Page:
October 1 marks the first day of the 12th annual National Cyber Security Awareness Month (NCSAM), a collaborative effort among government organizations, businesses of all sizes, educational institutions, nonprofits and consumers to ensure everyone has the resources they need to be safe online.
National Cyber Security Awareness Month (NCSAM) kicks off this Thursday, Oct. 1, and we hope you'll participate by helping promote a safer, more secure and more trusted Internet all month long. We're making it easy to support NCSAM 2015 by providing materials for each week that you can share at home, at work and school and in the community.
Are we doing all we should to educate ourselves and our children about how to be safe online? The best step in the right direction is to mark your calendar for every day in October and get ready to participate in National Cyber Security Awareness Month.
There are only two weeks until the 12th annual NCSAM, and NCSA and our partners around the world are gearing up for a large-scale effort to grow digital citizens' awareness of the steps they can take to protect themselves and others online.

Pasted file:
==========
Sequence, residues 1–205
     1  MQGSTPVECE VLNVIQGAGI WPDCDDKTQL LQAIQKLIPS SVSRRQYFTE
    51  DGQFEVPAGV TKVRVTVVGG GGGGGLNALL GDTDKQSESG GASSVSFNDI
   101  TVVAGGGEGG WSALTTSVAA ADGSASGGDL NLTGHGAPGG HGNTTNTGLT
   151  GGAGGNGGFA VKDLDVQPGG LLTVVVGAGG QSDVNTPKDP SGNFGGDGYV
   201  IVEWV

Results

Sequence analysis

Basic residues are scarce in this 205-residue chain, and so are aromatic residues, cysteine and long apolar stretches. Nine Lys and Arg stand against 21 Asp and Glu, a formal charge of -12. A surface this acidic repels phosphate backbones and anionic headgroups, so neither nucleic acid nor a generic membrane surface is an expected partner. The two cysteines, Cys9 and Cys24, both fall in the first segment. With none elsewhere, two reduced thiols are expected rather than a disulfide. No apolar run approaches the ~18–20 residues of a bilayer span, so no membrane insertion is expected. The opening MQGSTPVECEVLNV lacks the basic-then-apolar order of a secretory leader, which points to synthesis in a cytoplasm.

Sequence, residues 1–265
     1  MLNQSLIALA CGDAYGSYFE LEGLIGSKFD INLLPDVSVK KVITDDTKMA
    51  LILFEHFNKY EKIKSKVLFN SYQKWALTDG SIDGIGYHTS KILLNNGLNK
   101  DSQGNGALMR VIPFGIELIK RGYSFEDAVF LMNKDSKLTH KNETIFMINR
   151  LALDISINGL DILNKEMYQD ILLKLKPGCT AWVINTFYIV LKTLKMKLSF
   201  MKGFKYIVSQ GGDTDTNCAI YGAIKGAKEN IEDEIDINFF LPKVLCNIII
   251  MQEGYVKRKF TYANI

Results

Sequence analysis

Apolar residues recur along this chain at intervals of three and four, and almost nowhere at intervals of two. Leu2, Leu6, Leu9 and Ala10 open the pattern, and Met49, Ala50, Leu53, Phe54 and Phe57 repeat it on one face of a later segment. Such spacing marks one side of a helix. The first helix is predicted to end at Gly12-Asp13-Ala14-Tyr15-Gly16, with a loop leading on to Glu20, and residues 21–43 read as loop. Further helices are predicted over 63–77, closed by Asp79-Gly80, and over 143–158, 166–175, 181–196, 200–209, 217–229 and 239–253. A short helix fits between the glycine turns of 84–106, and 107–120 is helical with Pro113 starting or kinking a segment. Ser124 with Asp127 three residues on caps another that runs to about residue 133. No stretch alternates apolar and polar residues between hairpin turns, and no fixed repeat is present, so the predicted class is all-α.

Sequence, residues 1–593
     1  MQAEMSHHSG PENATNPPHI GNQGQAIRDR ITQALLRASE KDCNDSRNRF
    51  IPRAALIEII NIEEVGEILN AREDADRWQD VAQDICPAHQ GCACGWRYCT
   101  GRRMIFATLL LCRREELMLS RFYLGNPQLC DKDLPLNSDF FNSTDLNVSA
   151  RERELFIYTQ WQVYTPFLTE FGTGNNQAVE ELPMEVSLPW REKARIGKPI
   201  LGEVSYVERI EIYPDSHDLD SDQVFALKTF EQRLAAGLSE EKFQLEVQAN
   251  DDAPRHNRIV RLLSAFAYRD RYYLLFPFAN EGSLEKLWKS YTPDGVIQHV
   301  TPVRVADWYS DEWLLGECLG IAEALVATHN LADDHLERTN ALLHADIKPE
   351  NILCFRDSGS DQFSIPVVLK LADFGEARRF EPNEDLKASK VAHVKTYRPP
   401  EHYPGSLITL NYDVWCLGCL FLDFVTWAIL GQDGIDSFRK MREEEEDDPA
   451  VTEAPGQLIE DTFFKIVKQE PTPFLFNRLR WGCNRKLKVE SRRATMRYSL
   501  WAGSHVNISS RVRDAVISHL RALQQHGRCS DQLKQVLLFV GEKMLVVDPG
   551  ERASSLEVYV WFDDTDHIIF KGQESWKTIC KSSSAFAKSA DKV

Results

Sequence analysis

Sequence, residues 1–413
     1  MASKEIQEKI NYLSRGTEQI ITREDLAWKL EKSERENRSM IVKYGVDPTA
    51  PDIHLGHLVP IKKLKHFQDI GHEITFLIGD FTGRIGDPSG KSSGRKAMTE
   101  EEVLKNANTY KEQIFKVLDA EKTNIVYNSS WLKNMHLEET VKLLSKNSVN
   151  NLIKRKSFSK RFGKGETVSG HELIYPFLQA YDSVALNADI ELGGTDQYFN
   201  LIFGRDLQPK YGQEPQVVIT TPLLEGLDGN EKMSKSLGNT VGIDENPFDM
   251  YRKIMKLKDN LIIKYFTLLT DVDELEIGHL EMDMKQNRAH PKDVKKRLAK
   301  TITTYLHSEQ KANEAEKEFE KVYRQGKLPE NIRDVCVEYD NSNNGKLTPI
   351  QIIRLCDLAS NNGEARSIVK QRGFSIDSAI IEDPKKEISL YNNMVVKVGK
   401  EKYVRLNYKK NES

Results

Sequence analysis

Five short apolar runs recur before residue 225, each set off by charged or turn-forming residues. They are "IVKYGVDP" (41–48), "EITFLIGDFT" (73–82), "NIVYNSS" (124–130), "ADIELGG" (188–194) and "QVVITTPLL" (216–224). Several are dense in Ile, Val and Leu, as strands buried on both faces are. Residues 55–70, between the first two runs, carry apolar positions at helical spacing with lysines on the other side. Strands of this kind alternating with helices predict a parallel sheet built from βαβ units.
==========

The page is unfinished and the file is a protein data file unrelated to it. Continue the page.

EDUCAUSE and the higher education community were active participants in NCSAM 2014. Colleges and universities have continued to offer fun, creative cybersecurity and online safety activities and events for students, faculty, staff and their local communities. Here are a few highlights.
Learn how the Federal Trade Commission (FTC) participated in National Cyber Security Awareness Month this year and get some examples of how your organization can get involved in 2015.
It can't be ignored. Cybercrime is on the rise. Learn more about the layers of cybercrime and how you can help fight online threats.
Microsoft Safer Online's Internet's Most Wanted video series highlights five types of cyber threats, and we're blogging about a different threat each day this week. Learn more about today's threat, the Virus.
Learn ways to protect yourself from becoming a victim of identity theft, fraud, phishing and other crimes.